The hoverboard - it doesn't hover, and is barely even a board - but with a price between $500 and $2400 it's within the reach of enough people that Australia's consumer watchdog was nudged into action earlier this month.
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Mermaid tails warning released
The NSW Fair Trading Commissioner and CHOICE have put out a press release warning the public of the dangers of Mermaid tails.
After reports that some "hoverboards" had caught fire while being charged, the Australian Competition and Consumer Commission stepped in to suggest we only purchase boards that were of the Australian compliance standard, i.e., no dodgy fakes from overseas.
Apparently, overcharging non-compliant devices may cause the battery to overheat.
The ACCC said that controlling hoverboards relies entirely on balance, and so falls are very likely, and injuries could include fractures, sprains, cuts, bruising, spinal injuries, head injuries and concussion.
Legality across Australia is either questionable or downright illegal. In the ACT, it's the latter.
"Personal electric transportation devices such as motorised hoverboards and other motorised recreational devices don't meet minimum Australian vehicle design standards for safety, and so can't be registered," Minister for Territory and Municipal Services Shane Rattenbury said.
"This means they can't legally be used on roads or road related areas such as footpaths and car parks."
They are also definitely illegal on roads and footpaths in NSW, where fines of up to $637 can result from using them in public, so no ducking across the border either.
When mermaid tails became popular this American summer it prompted a flurry of warnings from US authorities on the danger they posed while being worn in the water - you know, where they were apparently made to be used.
There are different brands, but essentially the design means the wearer needs to be a strong swimmer to stay afloat. A particularly scary video emerged online of one young girl who dived underwater and was unable to resurface - apparently because the tail was buoyant.
Fortunately her mother was close by and acted quickly to pull the young girl back up.
Mermaid tails aren't banned in Australia, but NSW Fair Trading Commissioner Rod Stowe and consumer advocacy group CHOICE issued a warning about the toys on Saturday, urging parents to think twice before buying them.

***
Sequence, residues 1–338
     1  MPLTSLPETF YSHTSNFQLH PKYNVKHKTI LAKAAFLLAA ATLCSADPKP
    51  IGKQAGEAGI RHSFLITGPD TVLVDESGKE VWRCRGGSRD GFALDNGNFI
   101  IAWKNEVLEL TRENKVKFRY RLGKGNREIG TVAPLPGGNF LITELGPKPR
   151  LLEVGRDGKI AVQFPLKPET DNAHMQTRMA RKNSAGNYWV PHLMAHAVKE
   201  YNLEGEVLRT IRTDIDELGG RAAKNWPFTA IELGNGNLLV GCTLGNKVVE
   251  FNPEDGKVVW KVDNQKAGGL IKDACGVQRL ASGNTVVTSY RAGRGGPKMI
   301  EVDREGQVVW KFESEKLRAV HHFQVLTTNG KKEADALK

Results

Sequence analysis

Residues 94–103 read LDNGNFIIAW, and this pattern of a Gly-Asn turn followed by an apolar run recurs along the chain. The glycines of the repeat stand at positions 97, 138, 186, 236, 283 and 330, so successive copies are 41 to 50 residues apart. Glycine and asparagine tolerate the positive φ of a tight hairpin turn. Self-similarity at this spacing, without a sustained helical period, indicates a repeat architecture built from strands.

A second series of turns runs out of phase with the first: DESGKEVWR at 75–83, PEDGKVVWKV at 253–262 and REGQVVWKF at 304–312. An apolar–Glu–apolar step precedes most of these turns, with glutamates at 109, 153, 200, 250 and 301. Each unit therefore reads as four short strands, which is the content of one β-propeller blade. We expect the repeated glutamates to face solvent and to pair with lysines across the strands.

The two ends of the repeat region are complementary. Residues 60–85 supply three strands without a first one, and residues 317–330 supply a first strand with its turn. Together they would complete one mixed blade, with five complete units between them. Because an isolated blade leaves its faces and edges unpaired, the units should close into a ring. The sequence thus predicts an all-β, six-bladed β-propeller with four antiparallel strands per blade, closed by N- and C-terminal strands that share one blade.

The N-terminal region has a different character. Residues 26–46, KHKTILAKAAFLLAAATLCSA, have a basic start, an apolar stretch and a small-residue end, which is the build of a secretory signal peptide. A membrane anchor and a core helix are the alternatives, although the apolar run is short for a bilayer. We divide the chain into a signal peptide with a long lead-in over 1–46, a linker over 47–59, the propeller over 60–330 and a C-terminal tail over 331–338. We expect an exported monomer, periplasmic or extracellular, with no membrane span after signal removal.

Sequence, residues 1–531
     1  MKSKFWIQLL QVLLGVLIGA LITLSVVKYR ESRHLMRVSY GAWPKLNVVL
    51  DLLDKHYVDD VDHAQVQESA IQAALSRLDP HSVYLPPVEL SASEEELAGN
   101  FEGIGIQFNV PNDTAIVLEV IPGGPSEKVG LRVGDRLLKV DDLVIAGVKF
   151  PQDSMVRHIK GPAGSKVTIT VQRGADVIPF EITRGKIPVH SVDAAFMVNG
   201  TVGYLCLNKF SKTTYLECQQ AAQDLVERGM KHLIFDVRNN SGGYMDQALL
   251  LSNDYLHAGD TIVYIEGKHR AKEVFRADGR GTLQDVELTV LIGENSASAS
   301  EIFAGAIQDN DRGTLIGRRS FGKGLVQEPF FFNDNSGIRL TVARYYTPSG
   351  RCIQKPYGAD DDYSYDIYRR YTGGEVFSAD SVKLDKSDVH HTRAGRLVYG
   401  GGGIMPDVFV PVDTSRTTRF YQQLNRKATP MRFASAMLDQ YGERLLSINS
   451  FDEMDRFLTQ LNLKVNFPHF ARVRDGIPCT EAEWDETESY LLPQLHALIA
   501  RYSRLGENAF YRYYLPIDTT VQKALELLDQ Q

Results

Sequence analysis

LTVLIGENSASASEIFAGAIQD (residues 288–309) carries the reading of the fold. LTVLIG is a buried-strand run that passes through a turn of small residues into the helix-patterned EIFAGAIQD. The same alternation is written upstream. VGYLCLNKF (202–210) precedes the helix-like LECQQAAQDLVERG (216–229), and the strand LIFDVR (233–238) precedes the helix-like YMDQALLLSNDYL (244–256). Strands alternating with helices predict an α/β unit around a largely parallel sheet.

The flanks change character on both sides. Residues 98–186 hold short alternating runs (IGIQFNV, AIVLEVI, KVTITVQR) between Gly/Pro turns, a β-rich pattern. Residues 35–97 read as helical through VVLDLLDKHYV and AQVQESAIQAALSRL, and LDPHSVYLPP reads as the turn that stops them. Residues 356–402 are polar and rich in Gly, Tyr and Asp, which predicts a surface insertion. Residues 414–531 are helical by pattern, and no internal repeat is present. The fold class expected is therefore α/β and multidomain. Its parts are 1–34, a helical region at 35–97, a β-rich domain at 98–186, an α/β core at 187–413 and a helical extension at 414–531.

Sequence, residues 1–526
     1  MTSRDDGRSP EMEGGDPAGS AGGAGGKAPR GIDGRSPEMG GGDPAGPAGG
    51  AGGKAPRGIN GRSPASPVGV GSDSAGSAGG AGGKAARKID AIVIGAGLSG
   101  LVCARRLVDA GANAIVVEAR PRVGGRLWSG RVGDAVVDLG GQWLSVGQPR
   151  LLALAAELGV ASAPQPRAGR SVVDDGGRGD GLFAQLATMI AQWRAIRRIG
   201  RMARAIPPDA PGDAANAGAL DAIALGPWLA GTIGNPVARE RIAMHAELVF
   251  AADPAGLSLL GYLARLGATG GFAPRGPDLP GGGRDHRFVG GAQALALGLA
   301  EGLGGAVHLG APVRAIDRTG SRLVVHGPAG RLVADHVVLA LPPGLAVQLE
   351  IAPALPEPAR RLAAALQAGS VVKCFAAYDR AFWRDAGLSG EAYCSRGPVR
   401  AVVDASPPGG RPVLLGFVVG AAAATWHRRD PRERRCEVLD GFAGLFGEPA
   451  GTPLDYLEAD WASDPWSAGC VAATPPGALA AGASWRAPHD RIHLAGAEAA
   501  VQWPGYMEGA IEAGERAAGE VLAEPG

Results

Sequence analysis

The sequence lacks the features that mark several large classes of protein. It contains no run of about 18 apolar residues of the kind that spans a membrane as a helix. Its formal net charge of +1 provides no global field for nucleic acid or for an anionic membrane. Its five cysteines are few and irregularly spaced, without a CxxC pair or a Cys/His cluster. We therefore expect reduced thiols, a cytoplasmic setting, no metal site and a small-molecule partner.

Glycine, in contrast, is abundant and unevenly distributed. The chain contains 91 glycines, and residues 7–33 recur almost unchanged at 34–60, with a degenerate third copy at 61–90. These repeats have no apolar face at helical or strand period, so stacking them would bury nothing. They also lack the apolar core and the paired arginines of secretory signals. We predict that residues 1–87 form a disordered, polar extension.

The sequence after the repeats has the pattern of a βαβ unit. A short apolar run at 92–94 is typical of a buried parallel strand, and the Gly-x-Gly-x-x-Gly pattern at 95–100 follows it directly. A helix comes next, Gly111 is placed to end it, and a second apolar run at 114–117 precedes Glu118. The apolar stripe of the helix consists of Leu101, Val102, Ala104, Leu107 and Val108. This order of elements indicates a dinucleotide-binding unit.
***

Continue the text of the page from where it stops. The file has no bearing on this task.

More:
Hello Barbie - an internet-enabled doll that listens and used artificial intelligence to talk back - comes with warnings from cybersecurity researchers who have uncovered its major security flaws.
Apparently vulnerabilities in the doll's mobile app and cloud storage used could have allowed hackers to eavesdrop on even the most intimate of play sessions, according to a report released earlier this year by Bluebox Security and independent security researcher Andrew Hay.
It's also not the only one. Any so-called "connected toy" – including smartphone-controlled drones and tanks, or bluetooth-enabled Lego – is potentially vulnerable to security breaches.
The price keeps dropping and the awesome images they capture have made the drone a popular purchase this year.
But Google "drone", "injury" and "Australia" and you'll find plenty of news reports about the dangers of the battery-powered machines. Like this one, when a drone fell on an Australian athlete and caused a "river of blood" to flow from her head.
And while it's still technically not illegal to fly them yourself within the bounds of certain rules, using the drone, or the images it captured, for any commercial purpose requires an unmanned operator's certificate from the Civil Aviation Safety Authority.
The Australian Society of Otolaryngology Head and Neck Surgery has also warned people this year about the "button" batteries that come with many gifts.
"Small, shiny, and appealing to children", if swallowed, the batteries can get caught half way down the throat and create "chemical caustic" that erodes through the chest or large blood vessels, Dr John Curotta said.
"In Australia, we know of at least two deaths and a number of serious internal injuries resulting from swallowed button batteries – all incurred by children under five years of age," Dr Curotta said
Dr Curotta urged vigilance to ensure batteries are safely stored and not to assume that every battery product in the home is safe for unsupervised use by children.
The low-tech classics
Trampolines, quad bikes, toy guns, plastic swords and lightsabres; These things have never been without a level of risk but still make for common purchases across Australia.
Twenty Australians died in 2015 from quad bike accidents, a 30 per cent increase on last year. January also happens to be the most common month for quad bike deaths in Australia, the ACCC has warned.
And trauma specialists down in Melbourne have started researching just how dangerous trampolines are, as rising numbers of kids are admitted to hospital with broken bones, head injuries and abdominal trauma.
Toy guns and plastic swords both made it onto America's annual worst toys list by the World Against Toys Causing Harm group for the risk of blunt force trauma or the violent games they encouraged.